Is Greenland a Country?


Ilulissat, Greenland. Population: 4,905.

Greenland has officially had self-rule since 1979, and remains one of the three constituent countries of the Kingdom of Denmark. In 2009, Greenlandic voters approved a referendum granting the island’s 57,000 inhabitants additional local sovereignty, including official recognition that Greenlanders are a distinct people from the Danes with the right to self-determination and the adoption of Greenlandic as the official language.

The Greenlandic government was also permitted to officially call itself Naalakkersuisut, which comes from its local Inuit name.

The majority of the country’s 55,000 permanent inhabitants are of Inuit descent, who are believed to have migrated from modern-day Canada around 1200 AD. Vikings from Iceland attempted to settle the southwestern part of the country in the 10th century, but failed to establish a permanent settlement.

Most of the country is covered in a large glacier, and the largest city has fewer than 20,000 residents. As part of the Kingdom of Denmark, Greenland’s economy still relies on its former colonial ruler for an important proportion of its funding. With the most recent arrangement, however, Greenland has more control over its own criminal justice system as well as its potentially lucrative oil industry. Although the oil industry is still mostly undeveloped and unexplored, scientists believe that global warming will increase access to previously unavailable reserves.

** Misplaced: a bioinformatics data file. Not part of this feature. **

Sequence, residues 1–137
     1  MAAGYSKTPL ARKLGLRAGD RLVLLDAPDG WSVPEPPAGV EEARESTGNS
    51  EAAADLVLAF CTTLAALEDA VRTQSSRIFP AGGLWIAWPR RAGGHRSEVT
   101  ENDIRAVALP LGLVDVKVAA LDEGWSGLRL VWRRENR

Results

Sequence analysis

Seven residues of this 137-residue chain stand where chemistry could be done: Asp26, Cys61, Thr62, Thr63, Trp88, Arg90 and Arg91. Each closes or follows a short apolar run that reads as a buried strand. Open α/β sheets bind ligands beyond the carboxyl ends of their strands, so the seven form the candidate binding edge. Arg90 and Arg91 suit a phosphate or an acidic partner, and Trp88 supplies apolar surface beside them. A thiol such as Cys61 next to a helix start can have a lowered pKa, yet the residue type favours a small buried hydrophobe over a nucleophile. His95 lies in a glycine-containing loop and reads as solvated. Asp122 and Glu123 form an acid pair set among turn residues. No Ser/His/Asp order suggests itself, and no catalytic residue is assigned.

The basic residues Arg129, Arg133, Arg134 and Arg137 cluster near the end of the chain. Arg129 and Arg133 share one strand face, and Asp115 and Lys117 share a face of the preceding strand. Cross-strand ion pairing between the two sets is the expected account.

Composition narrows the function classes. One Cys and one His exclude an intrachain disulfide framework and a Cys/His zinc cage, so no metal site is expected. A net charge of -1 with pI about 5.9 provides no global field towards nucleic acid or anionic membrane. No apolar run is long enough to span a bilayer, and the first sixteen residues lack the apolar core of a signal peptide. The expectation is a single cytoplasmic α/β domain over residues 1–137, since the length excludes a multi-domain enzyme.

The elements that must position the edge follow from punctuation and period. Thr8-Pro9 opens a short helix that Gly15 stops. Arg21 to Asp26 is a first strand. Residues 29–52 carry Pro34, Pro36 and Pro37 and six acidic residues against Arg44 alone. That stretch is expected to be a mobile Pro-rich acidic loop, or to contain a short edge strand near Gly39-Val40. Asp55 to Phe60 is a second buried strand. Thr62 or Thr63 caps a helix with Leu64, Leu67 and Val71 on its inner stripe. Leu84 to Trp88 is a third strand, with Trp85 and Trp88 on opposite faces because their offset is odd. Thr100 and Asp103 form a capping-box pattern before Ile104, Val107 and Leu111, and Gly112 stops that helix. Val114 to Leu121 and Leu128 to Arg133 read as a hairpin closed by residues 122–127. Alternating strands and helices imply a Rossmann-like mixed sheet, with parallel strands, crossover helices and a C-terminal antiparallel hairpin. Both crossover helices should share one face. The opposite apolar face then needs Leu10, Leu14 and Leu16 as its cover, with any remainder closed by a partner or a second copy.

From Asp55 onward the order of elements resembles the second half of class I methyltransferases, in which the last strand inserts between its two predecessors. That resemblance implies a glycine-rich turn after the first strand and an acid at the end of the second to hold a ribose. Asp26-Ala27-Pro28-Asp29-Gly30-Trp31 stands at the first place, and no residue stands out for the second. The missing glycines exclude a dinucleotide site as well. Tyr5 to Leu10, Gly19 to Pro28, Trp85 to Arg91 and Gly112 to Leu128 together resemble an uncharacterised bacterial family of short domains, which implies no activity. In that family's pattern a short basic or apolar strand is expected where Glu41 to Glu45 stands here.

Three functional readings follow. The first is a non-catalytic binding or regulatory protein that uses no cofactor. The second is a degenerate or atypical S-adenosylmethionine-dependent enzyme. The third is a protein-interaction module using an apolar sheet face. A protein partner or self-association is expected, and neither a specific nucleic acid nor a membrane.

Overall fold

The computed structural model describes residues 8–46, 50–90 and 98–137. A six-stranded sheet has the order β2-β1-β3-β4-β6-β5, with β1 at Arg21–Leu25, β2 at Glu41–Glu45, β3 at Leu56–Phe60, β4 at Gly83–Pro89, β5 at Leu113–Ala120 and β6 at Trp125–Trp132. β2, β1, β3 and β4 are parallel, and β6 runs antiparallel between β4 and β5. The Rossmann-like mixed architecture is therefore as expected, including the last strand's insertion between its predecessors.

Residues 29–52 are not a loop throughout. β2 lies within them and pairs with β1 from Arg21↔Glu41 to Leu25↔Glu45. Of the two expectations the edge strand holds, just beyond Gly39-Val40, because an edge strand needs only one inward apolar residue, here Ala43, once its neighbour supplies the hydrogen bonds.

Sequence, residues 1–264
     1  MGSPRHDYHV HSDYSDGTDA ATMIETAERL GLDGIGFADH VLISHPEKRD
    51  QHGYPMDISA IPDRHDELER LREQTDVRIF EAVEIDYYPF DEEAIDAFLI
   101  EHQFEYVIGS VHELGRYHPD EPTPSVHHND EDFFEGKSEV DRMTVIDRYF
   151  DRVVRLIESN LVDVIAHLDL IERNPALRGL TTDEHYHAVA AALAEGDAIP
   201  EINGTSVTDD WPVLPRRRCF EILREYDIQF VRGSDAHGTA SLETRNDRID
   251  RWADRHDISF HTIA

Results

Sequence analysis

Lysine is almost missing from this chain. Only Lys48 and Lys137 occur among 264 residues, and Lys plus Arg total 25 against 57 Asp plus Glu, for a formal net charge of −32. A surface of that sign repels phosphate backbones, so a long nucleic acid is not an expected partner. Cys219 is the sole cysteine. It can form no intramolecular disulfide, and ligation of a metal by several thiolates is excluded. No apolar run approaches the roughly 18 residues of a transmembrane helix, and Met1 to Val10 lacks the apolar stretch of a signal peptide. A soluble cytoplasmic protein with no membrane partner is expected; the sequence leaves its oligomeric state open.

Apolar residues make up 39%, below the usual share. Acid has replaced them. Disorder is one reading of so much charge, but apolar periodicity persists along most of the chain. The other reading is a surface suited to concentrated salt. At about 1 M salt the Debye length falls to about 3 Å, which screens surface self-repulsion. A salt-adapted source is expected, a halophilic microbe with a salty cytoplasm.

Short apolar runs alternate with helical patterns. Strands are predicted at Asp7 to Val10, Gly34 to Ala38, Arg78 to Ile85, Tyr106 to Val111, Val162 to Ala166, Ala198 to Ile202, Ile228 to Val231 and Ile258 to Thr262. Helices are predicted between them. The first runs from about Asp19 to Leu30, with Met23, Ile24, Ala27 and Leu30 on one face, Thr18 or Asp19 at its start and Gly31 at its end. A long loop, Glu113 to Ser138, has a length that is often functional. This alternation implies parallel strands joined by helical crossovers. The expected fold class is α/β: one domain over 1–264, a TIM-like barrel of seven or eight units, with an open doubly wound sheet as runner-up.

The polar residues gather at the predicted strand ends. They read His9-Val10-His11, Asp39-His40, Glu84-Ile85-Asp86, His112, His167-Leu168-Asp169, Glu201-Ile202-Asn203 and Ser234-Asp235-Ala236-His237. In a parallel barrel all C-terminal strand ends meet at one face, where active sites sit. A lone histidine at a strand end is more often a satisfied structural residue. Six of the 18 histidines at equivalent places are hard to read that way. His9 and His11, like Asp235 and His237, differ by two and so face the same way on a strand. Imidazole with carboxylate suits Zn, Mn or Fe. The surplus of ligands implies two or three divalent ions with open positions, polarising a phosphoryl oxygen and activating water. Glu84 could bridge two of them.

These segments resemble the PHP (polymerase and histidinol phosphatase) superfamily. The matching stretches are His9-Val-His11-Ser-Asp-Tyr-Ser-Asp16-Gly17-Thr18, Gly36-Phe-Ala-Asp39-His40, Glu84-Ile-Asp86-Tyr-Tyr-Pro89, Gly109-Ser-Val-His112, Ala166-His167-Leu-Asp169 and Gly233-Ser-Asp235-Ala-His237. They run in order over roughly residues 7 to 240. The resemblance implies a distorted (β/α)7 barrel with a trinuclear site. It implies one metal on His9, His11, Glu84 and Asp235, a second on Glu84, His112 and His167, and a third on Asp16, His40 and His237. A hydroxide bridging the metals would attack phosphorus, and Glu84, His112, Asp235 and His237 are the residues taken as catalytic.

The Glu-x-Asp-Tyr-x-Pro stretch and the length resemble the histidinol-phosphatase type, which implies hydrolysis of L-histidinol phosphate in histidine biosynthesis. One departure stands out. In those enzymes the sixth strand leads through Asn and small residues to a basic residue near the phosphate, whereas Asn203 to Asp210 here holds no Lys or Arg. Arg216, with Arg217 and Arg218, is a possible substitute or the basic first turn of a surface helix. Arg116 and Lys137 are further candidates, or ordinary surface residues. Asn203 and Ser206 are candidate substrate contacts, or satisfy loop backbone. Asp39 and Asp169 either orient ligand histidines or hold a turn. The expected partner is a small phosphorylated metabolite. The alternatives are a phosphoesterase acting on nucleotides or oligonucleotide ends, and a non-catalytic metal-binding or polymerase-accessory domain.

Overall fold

Half of the money from future oil will go to Greenland, while the other half will still go to Denmark. From the perspective of Greenland, the hope is that eventually the island can achieve complete independence.

Walrus and her pup floating on ice in a fjord , Eastern Greenland.